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Jimi Hendrix - Atlanta Pop Festival 1970 (2000)
July 4th, 1970.
Unbearable 115-degree heat caused this day's performances in the Second Annual International Atlanta's
Pop Festival to be delayed until late that evening.
Jimi Hendrix was scheduled to have the prime slot that afternoon but instead went on after midnight.
A crowd of 500.000 awaited him that evening, the largest crowd of his career.
Jimi chose to perform this show with little theatrics. His focus was solely on the music.
This historic event produced three live albums, a Jimi Hendrix
movie and one of the most sought after concert posters ever produced
Genre: Psychedelic Rock
Source: DVD NTSC
Label: Pandora's Video
Aspect Ratio: 4:3
Video Format: AVI
Video Bitrate: 1350 KB/s
Frames per second: 29.970
Pixel Depth: 8 bits
Writing Library: XviD 1.3.0.dev55
Audio Format: AC3
Audio Bitrate: 256 KB/s
Sampling Rate: 48 KHz
Bit Depth: 16 bits
Recorded: June 4th, 1970
File Size: 748 MB
Video Quality: Good/Very Good
Audio Quality: Excellent
NB! There is approx. 1'16'' of
black screen while Jimi tunes up
Jimi Hendrix - Guitar
Billy Cox - Bass
Mitch Mitchell - Drums
03 Spanish Castle Magic
04 All Along The Watchtower
05 Foxy Lady
06 Purple Haze
07 Hey Joe
08 Red House
09 Stone Free
10 Star Spangled Banner
11 Strait Ahead
12 Voodoo Child (slight return)
In the tiny central Georgia town of Byron - in a pecan grove and on the adjacent Middle Georgia Raceway 500.000 people
swarmed in for the second annual Atlanta International Pop Festival.
Like Woodstock the previous summer, the event was promoted as "three days of peace, love and music".
On the bill were Jimi Hendrix, the Allman Brothers, Jethro Tull, B.B. King, Ravi Shankar, 10 Years After, Johnny Winter,
John Sebastian and others. Tickets for the music fest were $14 each.
We were expecting maybe 100.000 people, says Atlanta promoter Alex Cooley, who organized the festival and the first one
at Atlanta International Raceway in 1969.
I remember going up in a helicopter on Friday afternoon before the first act went on.
Traffic was backed up 90 miles to Atlanta, I was scared to death.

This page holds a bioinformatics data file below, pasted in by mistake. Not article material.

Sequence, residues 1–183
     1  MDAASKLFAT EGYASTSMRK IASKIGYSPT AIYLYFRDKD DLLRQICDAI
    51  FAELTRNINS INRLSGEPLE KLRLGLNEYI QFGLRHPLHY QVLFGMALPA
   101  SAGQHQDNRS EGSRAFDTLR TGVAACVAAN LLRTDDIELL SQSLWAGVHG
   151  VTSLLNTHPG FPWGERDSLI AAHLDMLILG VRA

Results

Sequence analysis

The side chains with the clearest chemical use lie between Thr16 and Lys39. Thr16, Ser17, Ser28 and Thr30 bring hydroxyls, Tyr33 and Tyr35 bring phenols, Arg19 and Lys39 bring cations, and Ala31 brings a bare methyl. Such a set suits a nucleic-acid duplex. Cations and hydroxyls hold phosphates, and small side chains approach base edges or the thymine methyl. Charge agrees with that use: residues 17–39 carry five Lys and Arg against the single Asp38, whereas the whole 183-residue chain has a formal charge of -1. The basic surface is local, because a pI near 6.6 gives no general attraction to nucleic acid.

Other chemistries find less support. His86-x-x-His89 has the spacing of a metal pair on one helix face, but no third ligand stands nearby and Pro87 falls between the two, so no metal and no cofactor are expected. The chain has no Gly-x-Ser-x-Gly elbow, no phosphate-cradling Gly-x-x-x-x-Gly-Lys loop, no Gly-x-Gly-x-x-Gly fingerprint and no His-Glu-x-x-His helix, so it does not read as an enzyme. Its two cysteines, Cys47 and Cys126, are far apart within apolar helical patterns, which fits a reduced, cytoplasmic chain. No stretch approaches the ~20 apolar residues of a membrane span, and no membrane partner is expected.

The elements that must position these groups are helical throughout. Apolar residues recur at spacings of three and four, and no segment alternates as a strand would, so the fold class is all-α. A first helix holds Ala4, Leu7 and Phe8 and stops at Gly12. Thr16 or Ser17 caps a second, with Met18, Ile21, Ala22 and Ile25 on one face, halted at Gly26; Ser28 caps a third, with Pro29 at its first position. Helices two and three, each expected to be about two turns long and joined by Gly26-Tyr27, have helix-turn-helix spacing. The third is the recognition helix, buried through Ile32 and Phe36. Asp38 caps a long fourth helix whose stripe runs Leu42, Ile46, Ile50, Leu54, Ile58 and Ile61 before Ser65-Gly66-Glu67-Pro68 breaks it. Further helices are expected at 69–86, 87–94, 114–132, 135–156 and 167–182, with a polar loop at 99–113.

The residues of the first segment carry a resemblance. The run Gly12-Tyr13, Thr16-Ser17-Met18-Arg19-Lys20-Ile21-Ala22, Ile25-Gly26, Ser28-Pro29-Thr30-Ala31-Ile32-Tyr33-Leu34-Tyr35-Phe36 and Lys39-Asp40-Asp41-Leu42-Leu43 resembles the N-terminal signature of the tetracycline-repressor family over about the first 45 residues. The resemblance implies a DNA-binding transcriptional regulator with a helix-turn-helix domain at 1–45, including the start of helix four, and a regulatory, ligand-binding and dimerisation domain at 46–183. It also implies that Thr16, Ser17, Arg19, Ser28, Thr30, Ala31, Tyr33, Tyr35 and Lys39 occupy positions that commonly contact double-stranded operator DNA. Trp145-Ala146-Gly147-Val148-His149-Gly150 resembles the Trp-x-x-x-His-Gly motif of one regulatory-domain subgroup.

While the Atlanta festival never garnered the national attention of the festivals near Woodstock, N.Y., Altamont, Calif.,
or Monterey, Calif., it provided Southerners with a last -and for many, an only- glimpse of Hendrix before his overdose
in London 10 weeks later.
It was our Woodstock, most of us here didn't go to New York in '69, and Byron brought it South to us.
It was a phenomenon, a once in a lifetime event.
I'll never forget seeing Richie Havens play "Here Comes the Sun" as the sun rose on Sunday morning.
It was all pretty overwhelming. It was real hot and nobody was selling Coca-Colas, only Kool-Aid with LSD in it.
We had it all set where Jimi Hendrix would play his "Star Spangled Banner" right at midnight.
They told him to signal when he was about 10 minutes from being done because they needed that much leeway to set off the
fireworks above the stage.
Jimi got so into his solo he just forgot, apparently he also forgot about the fireworks because when the first one went
off, he jumped about 10 feet!
The 1970 Atlanta Pop Festival held in Byron, Ga. marked the end of the large-scale festival era.
When it was all over, Cooley said that huge outdoor festivals such as Woodstock and Byron were finished and he stands by
that statement; it was a time, an era that is now frozen in history.
Twenty-five years later, Jimi Hendrix and Duane Allman are rock history deities.
The company hired to document the festival went bankrupt a week later and the film remains in a vault in Philadelphia.
The Byron music scene came - and went.
But Cooley, who went on to found Atlanta's Music Midtown Festival, says the man he hired in Jacksonville to put up
festival posters all over South Florida that summer of 1970, is keeping the Atlanta International Pop Festival alive
in his own way. He never did put the posters up, now he's making a living selling them for $250 a pop. ~~ Richard Eldredge
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||Jimi Hendrix - Atlanta Pop Festival 1970.avi